Sleigh Bells Live in the Moment on Texis

Alexis Krauss and Derek Miller make life’s fragility inspirational on their sixth album

Music Reviews Sleigh Bells
Sleigh Bells Live in the Moment on Texis

“Aren’t you a little too old for rock and roll?” Alexis Krauss of Sleigh Bells asks at the end of their latest album opener, “SWEET75.” The answer is undoubtedly “no”—Krauss is only 35, after all—but it’s a fair enough question to ask over a decade after the duo burst onto the scene with their scorching debut Treats. On their new record Texis, Krauss and producer/guitarist Derek Miller revive their mile-a-minute noise pop with a carpe diem message that manages not to be trite.

“SWEET75” kicks off with an intense Mortal Kombat beat and magical shivers of synth. Listening to it feels like arriving at a party that’s already in full swing, your overeager friend grabbing your hand and dragging you to the sweaty center of the crowd. The signature chunky Sleigh Bells guitar chugs through, heavy and upbeat. In many ways Texis harkens back to the bombast and sheer euphoria of Treats. Songs can shift from nerve-jangling to sugary within a few moments (“An Acre Lost” and “Tennessee Tips” particularly come to mind).

That’s not to say Sleigh Bells shy away from a bit of experimentation. After an R&B-inflected intro, “Rosary” includes a rare bit of acoustic guitar that, in the wrong hands, could be incredibly cheesy in between the catchy belter of a chorus. It doesn’t exactly stick the landing, but the unusual instrument choice reminds us that Sleigh Bells aren’t afraid to switch things up, even abandoning their beloved buzzing electric guitar. “True Seekers’’ exists in a silvery halo, sounding like something off Carly Rae Jepsen’s 2019 album Dedicated. The expansive pop track reminds us just how versatile Miller is as a producer.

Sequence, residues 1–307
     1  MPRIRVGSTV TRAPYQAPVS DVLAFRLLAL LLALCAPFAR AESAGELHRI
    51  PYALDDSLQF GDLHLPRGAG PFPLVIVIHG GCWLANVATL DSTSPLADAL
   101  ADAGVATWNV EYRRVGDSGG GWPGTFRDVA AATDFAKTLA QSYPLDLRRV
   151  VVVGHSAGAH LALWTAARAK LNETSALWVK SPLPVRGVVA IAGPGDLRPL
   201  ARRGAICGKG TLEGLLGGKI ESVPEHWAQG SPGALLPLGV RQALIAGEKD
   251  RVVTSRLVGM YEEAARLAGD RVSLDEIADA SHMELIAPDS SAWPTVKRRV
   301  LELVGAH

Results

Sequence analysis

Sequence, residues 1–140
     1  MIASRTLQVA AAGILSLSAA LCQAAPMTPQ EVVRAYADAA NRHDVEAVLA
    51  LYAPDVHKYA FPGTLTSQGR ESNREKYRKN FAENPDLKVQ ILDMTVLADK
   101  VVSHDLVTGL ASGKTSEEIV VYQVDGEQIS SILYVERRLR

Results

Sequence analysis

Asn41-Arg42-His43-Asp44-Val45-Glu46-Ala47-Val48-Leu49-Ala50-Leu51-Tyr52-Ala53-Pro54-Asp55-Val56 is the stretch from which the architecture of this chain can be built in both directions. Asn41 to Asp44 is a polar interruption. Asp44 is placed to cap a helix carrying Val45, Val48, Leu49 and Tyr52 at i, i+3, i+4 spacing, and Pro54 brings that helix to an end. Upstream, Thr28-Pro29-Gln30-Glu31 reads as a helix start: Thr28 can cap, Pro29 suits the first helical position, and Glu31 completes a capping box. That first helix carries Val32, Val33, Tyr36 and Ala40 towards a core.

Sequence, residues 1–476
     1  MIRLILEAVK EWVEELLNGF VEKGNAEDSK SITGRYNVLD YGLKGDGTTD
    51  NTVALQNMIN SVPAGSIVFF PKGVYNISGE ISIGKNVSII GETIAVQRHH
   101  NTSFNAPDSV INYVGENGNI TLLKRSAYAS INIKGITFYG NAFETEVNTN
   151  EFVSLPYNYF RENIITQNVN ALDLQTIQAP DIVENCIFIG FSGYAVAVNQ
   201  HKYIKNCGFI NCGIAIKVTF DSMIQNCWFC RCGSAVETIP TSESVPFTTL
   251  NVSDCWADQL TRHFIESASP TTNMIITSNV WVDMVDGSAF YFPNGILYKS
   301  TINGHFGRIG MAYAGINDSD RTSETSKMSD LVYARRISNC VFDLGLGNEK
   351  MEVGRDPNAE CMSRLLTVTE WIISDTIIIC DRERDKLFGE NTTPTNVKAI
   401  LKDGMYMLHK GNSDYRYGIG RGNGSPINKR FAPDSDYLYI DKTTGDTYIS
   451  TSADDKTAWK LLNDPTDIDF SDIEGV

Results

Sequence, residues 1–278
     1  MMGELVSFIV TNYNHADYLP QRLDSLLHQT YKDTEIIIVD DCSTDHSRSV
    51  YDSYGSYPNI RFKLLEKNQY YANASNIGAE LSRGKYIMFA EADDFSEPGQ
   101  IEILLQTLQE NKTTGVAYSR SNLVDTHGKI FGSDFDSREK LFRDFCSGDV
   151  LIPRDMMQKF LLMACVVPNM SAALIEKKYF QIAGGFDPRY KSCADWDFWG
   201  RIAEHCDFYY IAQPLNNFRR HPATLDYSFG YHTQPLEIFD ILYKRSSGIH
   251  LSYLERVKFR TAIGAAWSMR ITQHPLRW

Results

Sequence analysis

Much like with fellow noise pioneers Girl Band, some fans may not listen to Sleigh Bells for the lyrics, instead waiting to be bowled over by the sheer power of their sound. On Texis, the duo make certain lyrical choices that seem to prioritize the sounds of words over their meaning (“I’m a cavity comedy girl,” Krauss brags on “Justine Go Genesis”). However, a healthy portion of the lyrics focuses on death and our mortality in a way that oddly inspires, rather than deflates.

There’s no shortage of pop songs that go on about “dying young” and “living as if there’s no tomorrow,” with both sentiments usually embracing youthful recklessness. Sleigh Bells pepper in morbid lyrics throughout the album, but they feel more like a reminder of the scarcity and, thus, the preciousness of life. “Everything, everything’s tempting / I’ve got my DNR,” Krauss confesses on “True Seekers.” This could be misconstrued as nihilism, but what Sleigh Bells have in mind is much more life-affirming. Life is short, so you need to use up every moment; the message isn’t a new one, but it’s infectious and fun as hell in Sleigh Bells’ hands. Even their approach to production reflects this credo—no beat should be wasted, each moment instead packed to the gills with sound. “I feel like dynamite / I feel like dying tonight,” Krauss chants on “Locust Laced,” a single that is sure to become a crowd favorite with its videogame synth and inundation of guitar.

In a recent press release, Miller said, “The thing I’m most attracted to is the juxtaposition of happy and sad, melancholy and hope. A lot of this is about trying to hold on to a shred of optimism through sheer force of will, and I hope this music can give people some joyful energy and confidence.” That contrast and the resulting desire to live inform Texis from beginning to end. Even when life feels like an unending pit of despair, these moments of pain should spur us to help our fellow human beings, as “I’m Not Down” reminds us: “Nobody cares when a line gets crossed / Nobody cares when a life gets lost / And lives do get lost / We gotta look out for each other.”

Shit’s been scary, sad and disheartening lately, and that’s not going to stop anytime soon. That’s why we need to enjoy every moment we can, including by listening to Sleigh Bells’ heady flashbang of an album.

Clare Martin is a cemetery enthusiast, hibernophile and contributing writer for Paste’s music and comedy sections. She also exercises her love for reality TV at HelloGiggles every now and then. Go harass her on Twitter @theclaremartin.

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